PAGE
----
Germany R. Wagner, Siegfried: Soloists, Bavarian State Orchestra, Kent Nagano (conductor), Bavarian State Orchestra, 3.6.2012 (JFL)
Direction: Andreas Kriegenburg
Sets: Harald B.Thor
Costumes: Andrea Schraad
Lighting: Stefan Bolliger
Choreography: Zenta Haerter
Dramaturgy: Marion Tiedtke, Olaf A. Schmitt
Siegfried: Lance Ryan
Mime: Wolfgang Ablinger-Sperrhacke
Brünnhilde: Catherine Naglestad
Alberich: Wolfgang Koch
Wanderer/Wotan: Thomas J. Mayer
Fafner: Rafal Siwek
Erda: Jill Grove
Woodbird: Anna Virovlansky (+ Anna Ressel)
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I am taking in Andreas Kriegenburg’s Ring at the Bavarian State Opera piecemeal. Das Rheingold in February (review here), now Siegfried. Die Walküre and Götterdämmerung still awaiting. There’s a lot to look forward to with those two remaining operas, because much like with Das Rheingold, there is plenty good in Siegfried – and more promise, still. For one, Kriegenburg’s Siegfried is funny and adorable, childlike but not childish. When did you last feel that way about a Wagner opera?!
Kriegenburg’s concept of using bodies as the basic building blocks for Wagner’s world continues. But where he puts them to more metaphorical use in the first installment (depicting with them the Rhine, forces of earth, Valhalla), Siegfried sees them employed more literally, with up to 50 extras populating the stage. These little helpers, spirited trolls of childlike disposition and whim, spell out and underline the actions and interactions of Mime and Siegfried and the humor therein. In little brigades they melt down Notung via paper shredder, pump oversized bellows, rummage about in large tubes to symbolize the forge’s ventilation, and rhythmically pump (actual) air into the tinsel-filled anvil every time Siegfried re-strikes his sword. The happy sparks fly high and wide: glitter and be gay, indeed!
Act 1 becomes their playground and Siegfried – the most truly humorous of Wagner’s operas—attains a droll, exuberant air. It’s terribly good of Kriegenburg to let it out, to strip away the pathos, the awfully serious layers and layers of Wagnerian self-importance in this Ring. Elsewhere the artistic-acrobatic use of suspended extras—as trees for the forest bird to fly about or as a looming, oversized-dentures-wielding Fafner-as-worm—looked more like La Fura dels Baus, but with Kriegenburg this was part of a concept and a touchingly personal way to tell a story, not the-thing-itself, as is the case with La Fura dels Baus’ spectacular, maddeningly vapid Valencia Ring. A particularly neat touch: visual references to Das Rheingold, timed to the relevant leitmotifs during the elaborate Six-Questions scene of act 1. Only the magic fire around the rock was a visual disappointment: 30 yards of illuminated cling-film looked more like the Rhine at sundown than an imposing fire.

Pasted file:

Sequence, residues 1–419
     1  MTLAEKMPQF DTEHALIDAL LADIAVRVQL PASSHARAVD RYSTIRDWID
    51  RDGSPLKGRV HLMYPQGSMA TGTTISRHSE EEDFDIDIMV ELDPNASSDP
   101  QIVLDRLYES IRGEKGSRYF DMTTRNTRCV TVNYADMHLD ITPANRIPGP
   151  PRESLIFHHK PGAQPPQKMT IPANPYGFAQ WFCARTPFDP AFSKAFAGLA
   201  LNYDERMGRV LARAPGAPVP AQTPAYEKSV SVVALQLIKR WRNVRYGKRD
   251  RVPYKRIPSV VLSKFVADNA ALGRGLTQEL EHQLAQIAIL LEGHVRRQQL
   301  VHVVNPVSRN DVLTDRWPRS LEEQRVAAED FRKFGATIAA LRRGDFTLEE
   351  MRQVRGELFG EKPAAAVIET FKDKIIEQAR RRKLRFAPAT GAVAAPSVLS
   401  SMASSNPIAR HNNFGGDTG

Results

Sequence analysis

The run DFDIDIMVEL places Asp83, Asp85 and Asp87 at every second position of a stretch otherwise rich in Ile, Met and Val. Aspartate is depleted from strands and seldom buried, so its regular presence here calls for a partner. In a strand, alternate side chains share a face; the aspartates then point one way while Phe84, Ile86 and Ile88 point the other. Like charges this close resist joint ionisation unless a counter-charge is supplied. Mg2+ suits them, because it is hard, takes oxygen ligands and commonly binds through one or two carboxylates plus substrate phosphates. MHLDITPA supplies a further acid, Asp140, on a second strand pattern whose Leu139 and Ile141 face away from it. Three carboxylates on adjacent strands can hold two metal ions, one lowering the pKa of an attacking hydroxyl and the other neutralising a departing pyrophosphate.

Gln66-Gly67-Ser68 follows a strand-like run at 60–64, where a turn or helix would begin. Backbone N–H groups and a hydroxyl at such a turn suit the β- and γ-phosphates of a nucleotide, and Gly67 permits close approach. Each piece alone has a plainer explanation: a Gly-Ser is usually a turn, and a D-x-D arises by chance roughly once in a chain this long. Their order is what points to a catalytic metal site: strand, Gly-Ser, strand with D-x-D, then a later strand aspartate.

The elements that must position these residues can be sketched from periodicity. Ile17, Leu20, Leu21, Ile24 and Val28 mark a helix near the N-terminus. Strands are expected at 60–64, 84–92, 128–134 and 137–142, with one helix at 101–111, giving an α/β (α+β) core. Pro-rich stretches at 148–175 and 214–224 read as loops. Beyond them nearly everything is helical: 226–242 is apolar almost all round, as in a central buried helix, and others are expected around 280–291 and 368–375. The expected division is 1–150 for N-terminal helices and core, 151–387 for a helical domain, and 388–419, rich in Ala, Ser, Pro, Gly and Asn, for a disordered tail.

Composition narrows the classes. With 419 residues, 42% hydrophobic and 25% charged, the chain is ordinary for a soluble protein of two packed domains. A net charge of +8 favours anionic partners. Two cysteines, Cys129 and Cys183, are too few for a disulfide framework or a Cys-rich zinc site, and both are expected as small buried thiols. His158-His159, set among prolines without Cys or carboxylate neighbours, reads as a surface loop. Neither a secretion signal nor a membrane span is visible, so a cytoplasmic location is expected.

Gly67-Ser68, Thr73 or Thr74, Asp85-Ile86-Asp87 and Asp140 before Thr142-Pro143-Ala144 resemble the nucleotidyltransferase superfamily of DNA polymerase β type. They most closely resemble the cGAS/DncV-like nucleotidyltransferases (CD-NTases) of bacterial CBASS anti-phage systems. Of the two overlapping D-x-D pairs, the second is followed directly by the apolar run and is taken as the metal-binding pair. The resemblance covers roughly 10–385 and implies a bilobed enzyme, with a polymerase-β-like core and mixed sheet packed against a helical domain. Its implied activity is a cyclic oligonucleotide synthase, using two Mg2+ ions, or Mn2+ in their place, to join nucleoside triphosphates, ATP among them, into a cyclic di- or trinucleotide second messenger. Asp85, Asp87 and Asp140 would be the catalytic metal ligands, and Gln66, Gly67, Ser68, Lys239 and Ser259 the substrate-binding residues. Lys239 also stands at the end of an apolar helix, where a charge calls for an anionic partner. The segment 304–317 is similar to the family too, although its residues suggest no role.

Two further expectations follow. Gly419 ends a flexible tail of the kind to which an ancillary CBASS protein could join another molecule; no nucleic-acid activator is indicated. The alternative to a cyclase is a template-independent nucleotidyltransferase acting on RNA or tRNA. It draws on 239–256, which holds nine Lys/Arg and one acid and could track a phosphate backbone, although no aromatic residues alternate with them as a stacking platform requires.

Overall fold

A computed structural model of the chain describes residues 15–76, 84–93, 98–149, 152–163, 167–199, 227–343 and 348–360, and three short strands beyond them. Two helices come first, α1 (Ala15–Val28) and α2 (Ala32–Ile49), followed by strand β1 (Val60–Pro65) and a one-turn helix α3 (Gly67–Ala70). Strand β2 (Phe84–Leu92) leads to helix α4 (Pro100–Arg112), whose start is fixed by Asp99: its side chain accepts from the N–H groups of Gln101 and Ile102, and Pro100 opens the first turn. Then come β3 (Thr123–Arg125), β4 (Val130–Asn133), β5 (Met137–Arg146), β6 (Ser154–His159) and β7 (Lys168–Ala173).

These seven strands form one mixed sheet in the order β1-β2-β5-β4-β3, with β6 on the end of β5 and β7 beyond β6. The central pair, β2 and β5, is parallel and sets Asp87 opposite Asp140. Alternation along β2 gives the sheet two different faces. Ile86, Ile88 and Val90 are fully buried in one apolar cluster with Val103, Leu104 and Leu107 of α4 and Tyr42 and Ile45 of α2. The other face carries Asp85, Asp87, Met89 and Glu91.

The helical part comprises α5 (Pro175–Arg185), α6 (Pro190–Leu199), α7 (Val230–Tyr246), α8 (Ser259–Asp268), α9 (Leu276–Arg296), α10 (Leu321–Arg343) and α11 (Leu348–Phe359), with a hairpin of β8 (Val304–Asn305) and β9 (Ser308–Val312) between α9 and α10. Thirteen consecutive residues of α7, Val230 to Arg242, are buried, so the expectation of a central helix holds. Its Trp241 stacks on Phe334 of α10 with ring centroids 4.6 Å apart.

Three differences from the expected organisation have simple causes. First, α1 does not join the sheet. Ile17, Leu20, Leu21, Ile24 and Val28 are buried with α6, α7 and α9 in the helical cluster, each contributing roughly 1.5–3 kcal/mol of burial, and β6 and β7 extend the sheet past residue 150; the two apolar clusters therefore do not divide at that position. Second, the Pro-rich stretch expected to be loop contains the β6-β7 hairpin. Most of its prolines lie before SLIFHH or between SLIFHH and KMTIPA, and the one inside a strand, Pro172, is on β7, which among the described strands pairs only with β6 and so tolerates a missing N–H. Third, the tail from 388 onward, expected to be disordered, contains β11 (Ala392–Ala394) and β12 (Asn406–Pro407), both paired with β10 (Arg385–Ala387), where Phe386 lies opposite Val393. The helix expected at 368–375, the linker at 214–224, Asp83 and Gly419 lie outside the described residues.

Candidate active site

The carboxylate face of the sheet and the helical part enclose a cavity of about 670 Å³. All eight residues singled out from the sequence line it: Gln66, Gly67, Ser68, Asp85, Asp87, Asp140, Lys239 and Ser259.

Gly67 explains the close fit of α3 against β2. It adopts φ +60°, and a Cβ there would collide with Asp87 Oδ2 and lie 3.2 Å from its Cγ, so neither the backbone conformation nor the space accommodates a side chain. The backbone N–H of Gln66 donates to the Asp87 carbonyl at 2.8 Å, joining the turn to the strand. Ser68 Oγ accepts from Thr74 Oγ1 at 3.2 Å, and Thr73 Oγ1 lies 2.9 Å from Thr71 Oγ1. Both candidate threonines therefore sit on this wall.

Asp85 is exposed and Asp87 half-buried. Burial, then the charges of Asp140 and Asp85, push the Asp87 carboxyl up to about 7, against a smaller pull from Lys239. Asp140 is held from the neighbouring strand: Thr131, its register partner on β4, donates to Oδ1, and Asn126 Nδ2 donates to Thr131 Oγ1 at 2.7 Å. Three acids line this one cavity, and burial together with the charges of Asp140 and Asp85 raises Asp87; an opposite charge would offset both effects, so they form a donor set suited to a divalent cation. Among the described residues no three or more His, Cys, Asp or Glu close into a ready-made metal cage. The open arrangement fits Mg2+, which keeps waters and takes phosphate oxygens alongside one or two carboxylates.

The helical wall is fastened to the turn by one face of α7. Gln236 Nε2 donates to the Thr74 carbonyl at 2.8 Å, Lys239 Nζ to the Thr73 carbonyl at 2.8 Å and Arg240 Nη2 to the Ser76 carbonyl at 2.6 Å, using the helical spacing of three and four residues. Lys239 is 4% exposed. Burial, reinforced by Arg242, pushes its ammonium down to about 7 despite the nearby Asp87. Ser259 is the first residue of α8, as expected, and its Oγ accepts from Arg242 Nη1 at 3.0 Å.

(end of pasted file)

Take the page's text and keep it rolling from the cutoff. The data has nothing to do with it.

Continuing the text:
I had never seen a Siegfried where the most lasting impression was made by the little woodbird—until now. And that’s not damnation of the major roles by way of praising a lesser part. In fact Lance Ryan’s Siegfried—powerful, enthused, believably youthful and untiring—headed a fab-four along with Wolfgang Ablinger-Sperrhacke’s stupendous greasy Mime, Catherine Naglestad’s gravely ravishing Brünnhilde, and Wolfgang Koch’s regal Alberich. But Anna Virovlansky and her physical manifestation Anna Ressel (who danced along in unison with a little self-balancing birdie on a stick) were so charmingly staged (and well sung) that it, she, or they absolutely made the second act. Jill Grove and Rafal Siwek (Erda, Fafner) had less opportunity to show off and while Thomas J. Mayer as Wanderer/Wotan had that opportunity, he didn’t make use of it. He performed well enough, but the voice—even as it opened up in the third act—was underpowered next to his commendable colleagues. Kent Nagano led a seamless, gorgeous account of the score that lends itself less to the elegant-Italianate style he had displayed Das Rheingold. Free of actual or artificial highlighting, Nagano reigned over an orchestra that exuded perfection even more than it did enthusiasm.
Not every Wagnerian will appreciate Kriegenburg for turning the Ring into entertainment, toying at the edge of naïve and goofy. But most attendees seemed reasonably happy and since it wasn’t opening night, and the cast was in superb form, there was only cheering, no jeering after five and a half hours.
Jens F. Laurson